My “Todd Tour 2010” has taken me to some neat places in recent weeks, including:
Youngstown Blockwatch meeting
I enjoy escaping our windowless castle on Front Street. Inevitably, however, one line pops out at these huddles, and it happened at the block-watch event this week at the Covelli Centre.
A city official looked at me and said:
“You are just doing that to sell newspapers ...”
(Stand back ... Get between the two of them ... Someone dial 9 and 1 in case the beefy newspaper guy blows it ...)
The truth is: We ARE trying to sell newspapers.
And Panera IS trying to sell bread and coffee, by the way.
Before I go further with the how and why, let me play with “The Line” a bit.
“The Line” is usually delivered in one of two ways: either like James Dean or Al Pacino.
The James Dean-cool person says it out of the side of his mouth, whispering and mumbling. He’s watched “All The President’s Men” a couple of hundred times and therefore knows our business A to Z.
The Al Pacino person is like the “And Justice for All” lawyer frothing and pointing and yelling, “You’re out of order, and you’re out of order ...” These folks are angry from the first word.
I listen to them both the same, but I resist engaging the latter in the truth:
You’re right. We are trying to sell newspapers.
But here’s where the fact gets in the way of perception:
Seventy percent of the papers we need to sell each day are already sold before we even put the finishing touches on the front page.
Sold. It’s one of the enviable parts of our job, and we thank those 70-percenters for being subscribers.
So when we hit the streets with a headline or photo deemed to be sensational, only a small fraction of our business is yet to be attained at the various coffee stores and news racks around town.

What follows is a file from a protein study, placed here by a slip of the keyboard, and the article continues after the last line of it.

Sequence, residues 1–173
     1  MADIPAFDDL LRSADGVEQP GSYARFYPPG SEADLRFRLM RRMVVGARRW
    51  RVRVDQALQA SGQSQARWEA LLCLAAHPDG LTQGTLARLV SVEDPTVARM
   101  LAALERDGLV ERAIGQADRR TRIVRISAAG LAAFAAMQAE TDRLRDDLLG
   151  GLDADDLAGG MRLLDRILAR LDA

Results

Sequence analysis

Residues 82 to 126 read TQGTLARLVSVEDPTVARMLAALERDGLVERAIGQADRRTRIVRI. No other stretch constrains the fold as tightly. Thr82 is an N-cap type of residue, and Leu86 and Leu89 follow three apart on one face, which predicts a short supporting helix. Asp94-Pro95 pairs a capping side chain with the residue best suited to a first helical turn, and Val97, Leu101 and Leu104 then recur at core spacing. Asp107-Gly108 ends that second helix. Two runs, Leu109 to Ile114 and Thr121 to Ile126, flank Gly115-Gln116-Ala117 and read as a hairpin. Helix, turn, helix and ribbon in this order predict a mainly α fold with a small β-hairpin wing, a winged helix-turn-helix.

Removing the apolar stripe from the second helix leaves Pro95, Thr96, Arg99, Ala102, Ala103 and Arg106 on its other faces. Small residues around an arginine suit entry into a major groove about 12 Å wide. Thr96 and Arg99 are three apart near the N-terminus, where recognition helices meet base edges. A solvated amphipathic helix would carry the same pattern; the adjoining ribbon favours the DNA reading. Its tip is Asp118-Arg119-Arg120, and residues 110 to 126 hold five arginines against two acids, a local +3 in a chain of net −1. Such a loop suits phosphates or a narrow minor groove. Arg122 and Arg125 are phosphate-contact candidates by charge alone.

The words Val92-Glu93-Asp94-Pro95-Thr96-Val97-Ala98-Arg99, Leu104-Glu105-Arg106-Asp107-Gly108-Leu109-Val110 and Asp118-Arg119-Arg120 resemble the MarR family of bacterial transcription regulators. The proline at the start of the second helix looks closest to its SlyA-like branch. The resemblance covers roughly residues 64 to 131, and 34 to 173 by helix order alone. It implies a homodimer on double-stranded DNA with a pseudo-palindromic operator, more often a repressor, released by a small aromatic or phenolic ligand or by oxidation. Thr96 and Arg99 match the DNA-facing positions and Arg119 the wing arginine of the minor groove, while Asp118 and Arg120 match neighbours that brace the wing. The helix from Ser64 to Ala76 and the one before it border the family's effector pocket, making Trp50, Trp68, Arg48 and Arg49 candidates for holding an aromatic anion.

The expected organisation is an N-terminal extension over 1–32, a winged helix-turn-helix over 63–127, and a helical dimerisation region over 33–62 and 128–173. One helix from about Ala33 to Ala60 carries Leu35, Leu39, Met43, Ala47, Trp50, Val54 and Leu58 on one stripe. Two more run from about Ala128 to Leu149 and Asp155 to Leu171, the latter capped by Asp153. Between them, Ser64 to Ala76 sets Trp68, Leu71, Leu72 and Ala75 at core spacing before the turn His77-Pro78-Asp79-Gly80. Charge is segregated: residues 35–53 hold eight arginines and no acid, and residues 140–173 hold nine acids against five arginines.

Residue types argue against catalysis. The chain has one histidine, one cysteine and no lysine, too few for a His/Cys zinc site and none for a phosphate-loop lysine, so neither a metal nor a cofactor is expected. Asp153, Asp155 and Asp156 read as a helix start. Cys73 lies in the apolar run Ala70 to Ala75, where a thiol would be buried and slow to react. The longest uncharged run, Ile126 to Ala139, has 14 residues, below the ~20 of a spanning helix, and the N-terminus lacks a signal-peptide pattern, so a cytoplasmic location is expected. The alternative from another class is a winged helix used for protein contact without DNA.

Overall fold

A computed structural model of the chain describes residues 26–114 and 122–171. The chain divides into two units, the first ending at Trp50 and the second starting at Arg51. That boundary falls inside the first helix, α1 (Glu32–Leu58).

And if you dive into that 30-percent statistic a bit further, half or more of that crowd likely would buy the paper if it was wrapped around a largemouth bass. They’re loyal, just like home subscribers.
So you’re looking at about 5 percent to 10 percent of our daily sales, at best, pulled in by a tantalizing headline or photo.
That small of a number is not worth selling our nightly ability to sleep without guilt.
We do decide and package news with the idea of selling newspapers.
We worry about the entire paper, which is why lifestyles and classifieds garner as much supervisory attention as the front page.
This week, I had as long a conversation on wedding and engagement news as I did on an upcoming Sunday package on government double-dippers.
We’re aware of names, words and images that garner more public attention than others. That feedback comes more from the 70 percenters than the 30 percenters.
The 70 percenters want to know about crime, fatalities and misdeeds. And they also want high school graduations, entertainment events and Sudoku.
So yes, you are 100 percent correct:
We are just trying to sell newspapers.
But let’s keep that between us, OK?
And resist going Pacino on me.